After more than 100 days of a bitter legislative session, Virginia lawmakers on April 28 approved a two-year budget totaling $60 billion. The budget includes a record tax increase of $1.6 billion, nearly 38 percent higher than what Governor Mark Warner (D) had originally sought from the Republican-controlled legislature.
“This was hard for a lot of people for a whole host of reasons,” said Warner. The governor supported the final package.
The tax plan carried an original price tag of $1.36 billion but was increased due to a recalculation by the Finance Department. The General Assembly also voted to freeze the state’s popular car tax relief program, which swept Republican James Gilmore III into the governor’s office in 1997.
“We have somehow agreed to top Governor Warner’s historic tax increase,” bemoaned Delegate M. Kirkland Cox (R-Colonial Heights), a no-new-taxes advocate. “Oh well,” he said bitterly, “yet another broken promise.”
In November 2003, Warner broke his no-tax promise and proposed a $1 billion tax increase. He was dramatically one-upped when Senate Finance Chairman John Chichester (R-Stafford) offered his own plan raising taxes $2.5 billion.
The House of Delegates at first stood firm but eventually voted to remove tax breaks from several businesses supportive of the senator’s plan. The senate responded by turning its plan into a $4 billion tax increase.
House Speaker William J. Howell (R-Fredericksburg), Attorney General Jerry Kilgore, and U.S. Senator George Allen (R) all lobbied aggressively against any tax increase. Howell repeatedly argued there was “no need for tax increases when the state’s economy was recovering.”
Kilgore, who is running for governor in 2005, attacked Warner’s credibility with voters. At the same time, tax opponent Allen joined former Democratic Governor Douglas Wilder in urging a referendum on raising taxes–a suggestion quickly nixed by Warner and Chichester.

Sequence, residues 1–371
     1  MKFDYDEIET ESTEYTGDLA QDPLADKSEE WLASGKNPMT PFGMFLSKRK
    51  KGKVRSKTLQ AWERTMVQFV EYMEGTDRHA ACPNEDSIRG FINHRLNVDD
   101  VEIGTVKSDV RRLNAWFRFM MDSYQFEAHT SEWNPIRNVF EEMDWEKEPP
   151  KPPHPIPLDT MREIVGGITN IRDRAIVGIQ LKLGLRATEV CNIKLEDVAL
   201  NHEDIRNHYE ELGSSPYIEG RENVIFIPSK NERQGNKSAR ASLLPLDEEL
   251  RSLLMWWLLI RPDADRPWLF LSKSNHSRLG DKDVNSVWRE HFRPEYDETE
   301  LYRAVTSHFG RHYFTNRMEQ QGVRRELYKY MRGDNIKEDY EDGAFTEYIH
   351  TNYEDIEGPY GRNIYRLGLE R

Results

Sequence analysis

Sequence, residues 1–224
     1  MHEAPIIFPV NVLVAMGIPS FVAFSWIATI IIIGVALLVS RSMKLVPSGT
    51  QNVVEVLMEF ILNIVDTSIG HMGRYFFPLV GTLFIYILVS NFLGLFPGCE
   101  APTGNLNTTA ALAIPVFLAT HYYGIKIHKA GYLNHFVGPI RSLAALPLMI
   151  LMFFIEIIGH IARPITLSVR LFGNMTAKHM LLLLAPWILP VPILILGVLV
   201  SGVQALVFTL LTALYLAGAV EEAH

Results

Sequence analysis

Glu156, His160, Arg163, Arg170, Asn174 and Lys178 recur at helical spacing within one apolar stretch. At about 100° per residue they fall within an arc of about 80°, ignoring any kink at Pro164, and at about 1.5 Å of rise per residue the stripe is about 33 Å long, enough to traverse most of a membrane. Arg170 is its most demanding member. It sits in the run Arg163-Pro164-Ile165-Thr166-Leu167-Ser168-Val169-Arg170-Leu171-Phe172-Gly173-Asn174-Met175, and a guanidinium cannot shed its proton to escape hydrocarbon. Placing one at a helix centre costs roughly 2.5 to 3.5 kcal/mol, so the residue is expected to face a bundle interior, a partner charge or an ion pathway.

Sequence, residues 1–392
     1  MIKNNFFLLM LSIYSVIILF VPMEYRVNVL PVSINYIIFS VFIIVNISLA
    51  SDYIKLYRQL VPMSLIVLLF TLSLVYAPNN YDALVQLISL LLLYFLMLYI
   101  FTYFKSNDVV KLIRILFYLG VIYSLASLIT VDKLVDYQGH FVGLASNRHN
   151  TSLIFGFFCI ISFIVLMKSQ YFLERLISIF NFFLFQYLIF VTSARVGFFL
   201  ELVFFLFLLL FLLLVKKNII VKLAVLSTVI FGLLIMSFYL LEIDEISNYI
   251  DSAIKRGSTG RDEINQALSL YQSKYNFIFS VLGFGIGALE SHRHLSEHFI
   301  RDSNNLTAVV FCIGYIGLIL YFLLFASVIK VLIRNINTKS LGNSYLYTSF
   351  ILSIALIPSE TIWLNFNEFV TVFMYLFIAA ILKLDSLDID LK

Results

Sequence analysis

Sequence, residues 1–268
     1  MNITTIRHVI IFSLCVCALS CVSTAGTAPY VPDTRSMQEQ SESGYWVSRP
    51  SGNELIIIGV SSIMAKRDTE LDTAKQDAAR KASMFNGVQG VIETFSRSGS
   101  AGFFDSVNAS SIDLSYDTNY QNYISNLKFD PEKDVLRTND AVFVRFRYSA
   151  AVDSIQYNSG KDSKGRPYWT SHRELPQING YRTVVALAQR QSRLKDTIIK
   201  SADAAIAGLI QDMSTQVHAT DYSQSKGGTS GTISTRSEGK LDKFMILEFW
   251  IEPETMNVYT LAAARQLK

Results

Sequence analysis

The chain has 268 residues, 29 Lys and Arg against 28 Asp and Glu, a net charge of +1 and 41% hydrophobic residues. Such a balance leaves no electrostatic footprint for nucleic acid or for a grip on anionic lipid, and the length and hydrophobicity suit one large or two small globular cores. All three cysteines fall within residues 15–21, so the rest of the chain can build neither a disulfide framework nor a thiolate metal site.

While the politicians were fighting in the foreground, tax opponents and proponents battled as well. Local and national tax groups organized and rolled out extensive grassroots campaigns in opposition. Their efforts were countered by a massive public relations campaign organized by unions and special-interest groups and coordinated in part out of Warner’s third-floor office at the state capitol. Groups representing teachers, the state police, health care organizations, and local governments all participated in lobbying and advertising for tax increases.
The budget that passed on April 28 includes the first general tax increase in the state since 1986. Some specific features of the measure, which mixes higher taxes with tax relief, are an increase of the state’s sales tax by a half-cent; raising the 2.5-cents-per-pack tax on cigarettes in two steps to 30 cents (20 cents in 2005 and 30 cents in 2006); and a 10 percent wholesale tax on tobacco products.
The plan grants income tax breaks to lower-income individuals and gradually reduces the tax on groceries, but it also limits income tax breaks for older Virginians and corporations and increases the fees for recording deeds from 15 cents to 25 cents per $100 of value.
In the end, Warner got what he wanted: More money for education and other state programs. Proceeds from the sales tax will be split equally between the general fund and direct support for K-12 public education, sending an additional $378 million, on top of the usual funding increase, over the next two years.